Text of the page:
Anti Bullying

What is bullying?

Bullying is when someone intimidates or causes harm to another person on purpose. The victims of bullying can be verbally, physically or emotionally assaulted and are often threatened and made to feel frightened. Bullying should not be viewed as an unfortunate but unavoidable part of school life. No child deserves to be bullied – it’s unacceptable behaviour and can have a devastating effect on the victim. Most schools have an anti-bullying policy, so it’s a good idea to be aware of the position adopted by your child’s school.

Bullying in school can include:

  • verbal harassment – face to face, by phone, text or over the internet
  • hitting, hair-pulling and kicking
  • teasing and name-calling
  • spreading rumours
  • damaging possessions
  • frightening and intimidation
  • exclusion at playtime or from social events and networks

How can I tell if my child is being bullied? Your child may not tell you that he or she is being bullied. However, you may notice some changes in his or her behaviour, including:

  • unwillingness to go to school
  • feeling unwell, often with a headache
  • irritability
  • anxiety
  • aggression towards you or others in your family
  • bed wetting
  • waking in the night
  • missing or damaged belongings

Our Strategies

  • All staff and students are aware of behaviour, which is considered to be bullying. When incidents of bullying are reported they are always be taken seriously. A wide range of strategies addressing the problems of both victims and bullies are in place to deal with any incidents of bullying along with intervention strategies. There is regular supervision of areas of the school where there might be particular opportunities for bullying to occur.

    Parents and the Wider Community

    Parents of all students involved in any incidents of bullying will be informed at the earliest possible moment. The School will attempt to inform the wider community of our policy and encourage them to support it. We will organise workshops for parents to come and discuss issues of bullying and preventative approaches.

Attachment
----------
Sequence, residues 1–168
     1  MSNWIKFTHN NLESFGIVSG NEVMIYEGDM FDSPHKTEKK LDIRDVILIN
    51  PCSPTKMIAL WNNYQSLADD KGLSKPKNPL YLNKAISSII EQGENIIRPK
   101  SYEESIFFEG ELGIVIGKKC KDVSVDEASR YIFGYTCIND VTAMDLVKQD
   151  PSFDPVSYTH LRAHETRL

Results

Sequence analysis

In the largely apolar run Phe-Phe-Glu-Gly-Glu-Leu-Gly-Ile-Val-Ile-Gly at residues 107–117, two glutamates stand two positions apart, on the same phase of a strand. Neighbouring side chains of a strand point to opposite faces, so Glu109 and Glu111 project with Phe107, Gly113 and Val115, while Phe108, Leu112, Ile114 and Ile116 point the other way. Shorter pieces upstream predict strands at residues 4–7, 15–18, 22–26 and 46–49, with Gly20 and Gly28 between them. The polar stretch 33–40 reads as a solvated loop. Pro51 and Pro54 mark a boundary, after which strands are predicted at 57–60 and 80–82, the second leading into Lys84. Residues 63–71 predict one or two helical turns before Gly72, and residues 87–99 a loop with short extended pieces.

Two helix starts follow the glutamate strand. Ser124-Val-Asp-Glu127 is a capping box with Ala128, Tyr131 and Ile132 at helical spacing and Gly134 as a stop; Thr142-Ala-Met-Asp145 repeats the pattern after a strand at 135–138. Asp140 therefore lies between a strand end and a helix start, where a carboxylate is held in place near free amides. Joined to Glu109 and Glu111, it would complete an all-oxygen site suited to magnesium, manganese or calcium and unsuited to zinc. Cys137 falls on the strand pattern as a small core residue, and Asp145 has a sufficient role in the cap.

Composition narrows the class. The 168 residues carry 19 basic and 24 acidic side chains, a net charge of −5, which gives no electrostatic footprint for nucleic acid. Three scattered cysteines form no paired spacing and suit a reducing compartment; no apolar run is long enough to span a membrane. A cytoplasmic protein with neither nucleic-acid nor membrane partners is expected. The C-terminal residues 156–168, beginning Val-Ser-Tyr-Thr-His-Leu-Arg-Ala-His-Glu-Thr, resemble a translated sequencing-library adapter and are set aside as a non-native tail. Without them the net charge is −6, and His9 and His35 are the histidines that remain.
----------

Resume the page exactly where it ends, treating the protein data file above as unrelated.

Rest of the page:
Staff Training

    All staff have access to appropriate safeguarding training. It is the responsibility of all staff to support students who have been bullied: both the victims and perpetrators and to ensure that all incidents are reported to the Head of House and Year Leaders using the specified form at the end of this policy.

    Responsibilities

    All students have a responsibility to help victims of bullying by talking to them and by saying no to bullying. They should try to tell the bullies (with support where necessary) why what they are doing is wrong and should tell a teacher, member of staff or peer mentor so that something can be done about it. Parents can support children by listening to their concerns and reassuring them that the matter will be dealt with.

    Concerns should be discussed with the students’ tutor, Head of House or Year Leaders so that action can be taken, support put in place and the situation is dealt with effectively. Students who are the victims of bullying can deal with the situation by telling someone: a friend, peer mentor, teacher or parent.

    Sanctions Sanctions may include:

  • Verbal reprimand to student
  • Meetings with parents/carers
  • Temporary removal from class
  • Withdrawal of privileges
  • Other disciplinary measures (detentions)
  • Internal isolation
  • Restorative approaches may include:

  • Small group pastoral support
  • Problem solving circles
  • Circle time
  • SEAL (Social and Emotional Aspects of Learning) work
  • Meetings with victims, bullies and staff
  • Counselling

 

What can Pupils do at school?